Jesse Matthew was linked by video evidence to the disappearance of UVA student Hannah Graham, and linked by DNA evidence to the murder of Virginia Tech student Morgan Harrington. Police investigators say DNA evidence in the Hannah Graham murder led to the implication of Matthew in the Morgan Harrington murder as well. He was charged with murdering Morgan Harrington this past September and charged with murdering Hannah Graham this past May. He faces life in prison for the murder of Morgan Harrington and a potential death sentence for the murder of Hannah Graham. But the evidence of Matthew’s crimes started even earlier than these murders.
Matthew’s College History: Accused of Campus Sexual Assaults at Two Different Colleges
Matthew was accused of sexually assaulting classmates at both of his colleges (Liberty University and Christopher Newport University). The outcomes of those two campus disciplinary proceedings are unknown. But what is known is that the second college he attended – Christopher Newport – was unaware of the charges at the first college. The first campus sexual assault allegation occurred in 2002 at Liberty University. The second happened in 2003 at Christopher Newport.
Matthew’s Post-College History: Charged and Convicted of Rape
Two years after the Christopher Newport incident, Matthew raped, beat and strangled a 26-year old graduate student in Fairfax, Virginia. The woman survived and gave key testimony against Matthew, describing how Matthew banged her head into the ground “like a football” before raping her and then began strangling her. For this crime, Matthew was sentenced this past Friday, to three life prison terms – the maximum penalties. In her statement at sentencing, the heroic survivor told the judge “That night I died.”
Could A Law Requiring Colleges to have Identified & Shared Information about Campus Sexual Assaults Have Prevented This?
The murders of Hannah Graham and Morgan Harrington may be a consequence of the failure of his universities to properly investigate and share information with law enforcement.
The evidence now demonstrates that Jesse Matthew is a serial sexual predator that should have been stopped years ago. As a college student, Matthew was accused of not one but two campus sexual assaults at two different universities. The second university never knew he had been accused at his first university and Matthew roamed freely for over a decade.
We need a law that identifies sexual predators like this. Federal and state legislators need to pass a law providing a guide for colleges and universities. A law that requires them to share such information amongst themselves to protect our children.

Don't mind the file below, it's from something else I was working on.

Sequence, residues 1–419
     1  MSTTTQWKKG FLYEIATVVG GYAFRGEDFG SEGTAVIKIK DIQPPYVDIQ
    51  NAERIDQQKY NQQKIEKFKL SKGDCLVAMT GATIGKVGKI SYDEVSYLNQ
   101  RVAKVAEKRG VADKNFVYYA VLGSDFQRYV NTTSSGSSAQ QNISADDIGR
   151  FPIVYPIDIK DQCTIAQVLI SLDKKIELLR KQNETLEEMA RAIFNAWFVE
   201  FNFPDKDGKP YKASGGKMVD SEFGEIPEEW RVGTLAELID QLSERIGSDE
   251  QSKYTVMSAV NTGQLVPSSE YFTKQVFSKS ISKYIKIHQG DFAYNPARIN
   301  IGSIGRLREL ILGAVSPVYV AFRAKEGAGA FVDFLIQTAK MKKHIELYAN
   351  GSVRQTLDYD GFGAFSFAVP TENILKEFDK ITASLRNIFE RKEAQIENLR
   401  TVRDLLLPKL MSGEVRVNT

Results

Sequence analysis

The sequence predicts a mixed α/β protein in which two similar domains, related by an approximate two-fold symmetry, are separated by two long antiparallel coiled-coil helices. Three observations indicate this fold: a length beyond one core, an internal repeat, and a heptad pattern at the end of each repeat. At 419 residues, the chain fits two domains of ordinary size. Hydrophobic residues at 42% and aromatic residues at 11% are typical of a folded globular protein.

What would this law clear up and accomplish?
● It would explain to colleges and universities that the existing privacy laws on the confidentiality of educational records already permits the sharing of information when safety of a student or the community is at stake.
● It would require the use of that exception to develop protocols for sharing information with other educational institutions and law enforcement about campus sexual assaults and domestic violence.
● It would require the colleges to arrange for the timely collection of DNA and other forensic evidence in all cases of suspected sexual assaults. (through cooperation with hospitals and/or law enforcement)
*Many universities already make specially trained sexual assault nurse examiners (“SANE” nurses) available to students who report possibly being sexually assaulted.
● It would require law enforcement to not only work with the schools but to work with each other to share relevant information across jurisdictional lines.
Such a law is more than a need. It is a debt we owe. It is a debt we owe to the heroic woman who helped finally put Jesse Matthew in prison. And it is a debt we owe to Morgan and Hannah who never came home.
What do you think the next step should be? Do you think a new laws like the Campus SAVE Act will get us moving in the right direction?
These materials have been prepared by Cohen Seglias for informational purposes only and are not intended and should not be construed as legal advice.